Policy would secure users, transactions
- By Diane Frank
- Jan 26, 2003
The federal CIO Council this month approved a proposal to create a single policy that all agencies would use to authenticate electronic messages, documents and users themselves.
With the growth of e-government, "there is renewed interest from our upper-level management" in authentication, said Judy Spencer, chairwoman of the Federal Public-Key Infrastructure Steering Committee. "We have to develop this common policy framework that reaches across these different areas, and then below that, we need to give agencies the component pieces" to fit into their applications and infrastructure.
Authentication is the process of verifying the identity of a sender of an electronic message or transaction.
The new policy will include the work on the certificate policy established by the PKI Steering Committee, the draft authentication policy that the Smart Card Project Managers Group is developing and the authentication levels that the General Services Administration is working on in its e-Authentication e-government initiative, Spencer said.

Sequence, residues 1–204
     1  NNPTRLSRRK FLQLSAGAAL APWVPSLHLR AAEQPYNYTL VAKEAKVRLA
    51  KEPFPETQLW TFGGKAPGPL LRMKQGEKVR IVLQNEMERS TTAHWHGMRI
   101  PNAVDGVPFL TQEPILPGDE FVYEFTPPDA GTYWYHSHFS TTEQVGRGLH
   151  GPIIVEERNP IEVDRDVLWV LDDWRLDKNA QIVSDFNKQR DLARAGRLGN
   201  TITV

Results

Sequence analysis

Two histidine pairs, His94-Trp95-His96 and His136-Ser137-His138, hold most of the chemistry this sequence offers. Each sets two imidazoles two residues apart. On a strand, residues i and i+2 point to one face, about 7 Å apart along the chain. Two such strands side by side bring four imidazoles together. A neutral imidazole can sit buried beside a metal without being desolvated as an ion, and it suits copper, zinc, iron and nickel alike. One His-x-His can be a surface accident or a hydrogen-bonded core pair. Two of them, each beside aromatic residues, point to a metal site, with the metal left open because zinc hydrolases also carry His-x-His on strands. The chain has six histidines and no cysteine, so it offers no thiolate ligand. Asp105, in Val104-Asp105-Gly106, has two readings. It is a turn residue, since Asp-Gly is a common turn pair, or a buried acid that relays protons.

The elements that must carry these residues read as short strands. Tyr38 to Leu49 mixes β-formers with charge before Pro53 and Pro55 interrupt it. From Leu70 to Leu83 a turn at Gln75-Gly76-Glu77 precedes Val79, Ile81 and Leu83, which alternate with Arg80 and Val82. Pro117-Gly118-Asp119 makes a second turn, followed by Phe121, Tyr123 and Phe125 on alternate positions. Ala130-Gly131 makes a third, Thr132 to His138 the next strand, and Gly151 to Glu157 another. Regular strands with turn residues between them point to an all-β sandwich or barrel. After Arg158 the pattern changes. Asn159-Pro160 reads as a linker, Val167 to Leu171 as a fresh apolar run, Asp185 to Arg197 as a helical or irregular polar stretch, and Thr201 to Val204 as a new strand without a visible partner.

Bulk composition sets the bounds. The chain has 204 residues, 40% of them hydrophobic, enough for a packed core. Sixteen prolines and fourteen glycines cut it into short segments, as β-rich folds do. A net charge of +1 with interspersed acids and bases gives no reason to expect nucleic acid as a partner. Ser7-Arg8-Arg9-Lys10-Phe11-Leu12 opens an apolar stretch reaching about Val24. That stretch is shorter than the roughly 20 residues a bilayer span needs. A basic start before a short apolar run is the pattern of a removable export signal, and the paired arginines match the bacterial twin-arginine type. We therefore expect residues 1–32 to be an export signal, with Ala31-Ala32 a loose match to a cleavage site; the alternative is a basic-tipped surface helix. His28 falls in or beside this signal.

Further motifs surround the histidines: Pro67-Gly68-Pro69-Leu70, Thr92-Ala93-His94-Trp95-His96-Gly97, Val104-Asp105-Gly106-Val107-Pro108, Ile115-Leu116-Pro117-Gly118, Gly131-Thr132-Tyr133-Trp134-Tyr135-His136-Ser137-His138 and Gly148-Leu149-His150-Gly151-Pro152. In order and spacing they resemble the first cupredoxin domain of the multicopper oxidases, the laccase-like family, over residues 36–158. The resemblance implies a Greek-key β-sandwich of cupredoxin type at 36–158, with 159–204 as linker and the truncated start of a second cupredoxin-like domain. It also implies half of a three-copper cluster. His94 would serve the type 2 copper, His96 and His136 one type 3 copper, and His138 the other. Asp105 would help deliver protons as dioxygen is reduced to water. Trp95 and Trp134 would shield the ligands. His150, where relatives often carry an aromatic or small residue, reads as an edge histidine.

The single policy should make it easier for agencies to incorporate e-authentication into their systems, said Alan Paller, director of research for the SANS Institute, a security education and research organization. "It's a good thing because one of the two extreme costs of certificates is the development of a common policy," he said. "Having [the Office of Management and Budget] and others creating one [policy] eliminates a lot of the upfront cost."
The single policy, said Marty Wagner, associate administrator for GSA's Office of Governmentwide Policy, "will save agencies time and effort in implementing e-government."